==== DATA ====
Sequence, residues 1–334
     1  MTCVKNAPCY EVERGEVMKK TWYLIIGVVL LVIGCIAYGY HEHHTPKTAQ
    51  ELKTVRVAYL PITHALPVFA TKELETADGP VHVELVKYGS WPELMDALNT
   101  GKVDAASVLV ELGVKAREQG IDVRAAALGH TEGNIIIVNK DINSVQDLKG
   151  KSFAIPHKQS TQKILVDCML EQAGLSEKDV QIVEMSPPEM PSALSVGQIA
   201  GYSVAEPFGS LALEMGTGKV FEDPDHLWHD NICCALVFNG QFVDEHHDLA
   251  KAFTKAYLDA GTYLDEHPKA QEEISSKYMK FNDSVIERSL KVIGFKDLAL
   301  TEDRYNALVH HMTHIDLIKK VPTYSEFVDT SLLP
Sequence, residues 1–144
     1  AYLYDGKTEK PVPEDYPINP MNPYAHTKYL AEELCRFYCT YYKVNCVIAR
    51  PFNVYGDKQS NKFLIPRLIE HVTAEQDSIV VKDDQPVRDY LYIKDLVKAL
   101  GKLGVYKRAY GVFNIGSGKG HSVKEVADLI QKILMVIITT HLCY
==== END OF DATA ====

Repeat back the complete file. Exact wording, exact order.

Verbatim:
Sequence, residues 1–334
     1  MTCVKNAPCY EVERGEVMKK TWYLIIGVVL LVIGCIAYGY HEHHTPKTAQ
    51  ELKTVRVAYL PITHALPVFA TKELETADGP VHVELVKYGS WPELMDALNT
   101  GKVDAASVLV ELGVKAREQG IDVRAAALGH TEGNIIIVNK DINSVQDLKG
   151  KSFAIPHKQS TQKILVDCML EQAGLSEKDV QIVEMSPPEM PSALSVGQIA
   201  GYSVAEPFGS LALEMGTGKV FEDPDHLWHD NICCALVFNG QFVDEHHDLA
   251  KAFTKAYLDA GTYLDEHPKA QEEISSKYMK FNDSVIERSL KVIGFKDLAL
   301  TEDRYNALVH HMTHIDLIKK VPTYSEFVDT SLLP
Sequence, residues 1–144
     1  AYLYDGKTEK PVPEDYPINP MNPYAHTKYL AEELCRFYCT YYKVNCVIAR
    51  PFNVYGDKQS NKFLIPRLIE HVTAEQDSIV VKDDQPVRDY LYIKDLVKAL
   101  GKLGVYKRAY GVFNIGSGKG HSVKEVADLI QKILMVIITT HLCY